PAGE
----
second, the technology choice:

      if you are talking about synthetic apertures (like radio telescopes) then no - you cannot link optical telescopes together state-wide. you can control them in parallel, sure, but you cannot combine the data in the same way as radio telescopes. it's way beyond our technical ability. so if there is no synthetic aperture, what's the advantage in spreading them around? especially when world class telescope sites with existing support are very rare. it makes most sense to put one telescope on the top of a mountain in a chilean desert.

      and don't think you can re-use any old telescope. the structural engineering of this thing is going to be brutal - to optimize throughput the slews (moving to a new position on the sky) are going to be way faster than anything currently out there. that's one reason the site decision had to be made early - they need to know what they're building this on just to control the vibration levels!

      there is a competing project, called pan-stars, which has a group of co-located telescopes. the advantage of that approach is largely political - you can build one cheaply and then look for more funding. but if you do the maths - and this is well understood engineering/optics/statistics, the answer is clear - the lsst solution comes out on top.

      oh, and it's not old news either; the press conference anouncing that this was going to chile was held in the room next to my office a few days ago.
      • Take a look at optical Interferometry []. Multiple telescopes are a lot more useful than you think.

        Pan-STARRS [] by the way, is not an optical interferometrer, but is still is actually extremely well suited to having multiple telescopes. They are trying to survey the entire sky very quickly. With multiple telescopes you can look at different parts at the same time, thereby extending your field of view.
      • Also, "if you do the maths" typically increasing the size of the telescope increases the cost exponentially, not linearly. So if you can do the same task with multiple smaller telescopes you can save quite a number of millions of dollars. I beleive that Pan-STARRS funded a design study to evaluate the benefits of a single telescope versus multiple telescopes and the multiple telescope design proved to be better suited to their goals.
  • by From A Far Away Land (930780) on Saturday May 20, 2006 @03:39PM (#15373207) Homepage Journal
    I'd be willing to help process the data if they need a significant supercomputer to make the comparisons to previous nights. Or does comparing 3 Gigapixel images not really put a strain on their computers?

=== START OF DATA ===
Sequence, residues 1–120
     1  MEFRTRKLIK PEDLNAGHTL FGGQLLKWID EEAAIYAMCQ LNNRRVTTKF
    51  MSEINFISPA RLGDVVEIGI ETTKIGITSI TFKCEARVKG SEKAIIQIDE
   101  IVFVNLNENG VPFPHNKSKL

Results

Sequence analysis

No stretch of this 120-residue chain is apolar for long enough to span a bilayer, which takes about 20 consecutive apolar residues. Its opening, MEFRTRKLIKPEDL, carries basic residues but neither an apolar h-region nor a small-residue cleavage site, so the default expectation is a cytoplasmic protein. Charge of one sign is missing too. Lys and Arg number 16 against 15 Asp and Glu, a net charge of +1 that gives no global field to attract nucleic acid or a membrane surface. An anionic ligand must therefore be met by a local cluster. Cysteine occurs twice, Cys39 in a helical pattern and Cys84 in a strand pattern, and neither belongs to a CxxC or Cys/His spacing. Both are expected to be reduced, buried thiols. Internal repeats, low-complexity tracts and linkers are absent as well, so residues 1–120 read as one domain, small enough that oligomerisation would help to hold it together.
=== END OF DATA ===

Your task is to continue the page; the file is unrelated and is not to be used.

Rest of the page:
• Imagine (Score:4, Funny)

    by From A Far Away Land (930780) on Saturday May 20, 2006 @03:59PM (#15373282) Homepage Journal
    Just imagine a Beowulf cluster of 1000 3-Megapixel cameras taking pictures of the sky through telescopes, and do that every 3 nights. That's how impressive this project is going to be.
  • This sounds like somebody fishing for a little goverment money. Like watching for 'near earth' satilites that can be seen if you have wide angle coverage, and good depth.
  • Copy cats (Score:3, Interesting)

    by p_trekkie (597206) on Saturday May 20, 2006 @05:18PM (#15373510) Homepage
    This is truly not innovative at all and just copying someone else's idea. PAN-STARRS [] will accomplish the same thing, already has funding, and is entering the prototype phase. Sure, 1.4 Gigapixels is not as much as 3, but it will be online sooner, accomplish the same goals on a smaller telescope, and will take a week to survey the whole sky instead of three days. So this new telescope is no big deal, especially since it will only about half of the sky visible to PAN-STARRS since this new thingy will be in the very southern hemisphere, rather than Hawaii.
    • Re:Copy cats (Score:3, Interesting)

      by pnot (96038)
      So this new telescope is no big deal, especially since it will only about half of the sky visible to PAN-STARRS since this new thingy will be in the very southern hemisphere, rather than Hawaii.

      Gosh, sounds like someone's got a case of gigapixel envy! As a matter of fact, this telescope will be at a latitude of thirty degrees south [], (cf. Hawaii's twenty degrees north []) -- hardly the "very southern hemisphere".

      Take it easy; as you point out, the Hawaii telescope will be online sooner, but the Chile one will h
      • The article states repeatedly that "This has never been done before" "totally unique" and other such crap. I find fault with the fact that the article fails to mention a blindly obviously similar telescope that is already under construction and claim uniqueness when that is not the case. One survey telescope operating in the north and one in the south would be a very decent combination, but it is foolish for the later one to not acknowledge that it's following on the shoulders of or working in conjunctio
    • But the southern sky is more interesting anyway. We have a centaur with a sword, a clock, a ship, a scorpion, ..., you only have crappy Greek heroes and bears
  • by SonicSpike (242293) on Saturday May 20, 2006 @06:31PM (#15373684) Homepage Journal
    the paparazzi will be using it to view J-Lo's ass!
  • [yes, I live in Chile] ... when it comes to astronomy (hell, science in general), our local media (TV and newspapers) does pretty slim coverage. I end up reading about these developments in foreign news sites (slashdot, BBC,, etc.) 3-6 days before than appearing here, if at all. :-(
  • by Schraegstrichpunkt (931443) on Saturday May 20, 2006 @09:08PM (#15374009) Homepage
    "... oh wait, those are just dead pixels. Sorry; Our bad."
  • With such a large data set - it seems to me that at least some basic analysis is well suited for a distributed BOINC project like SETI@Home.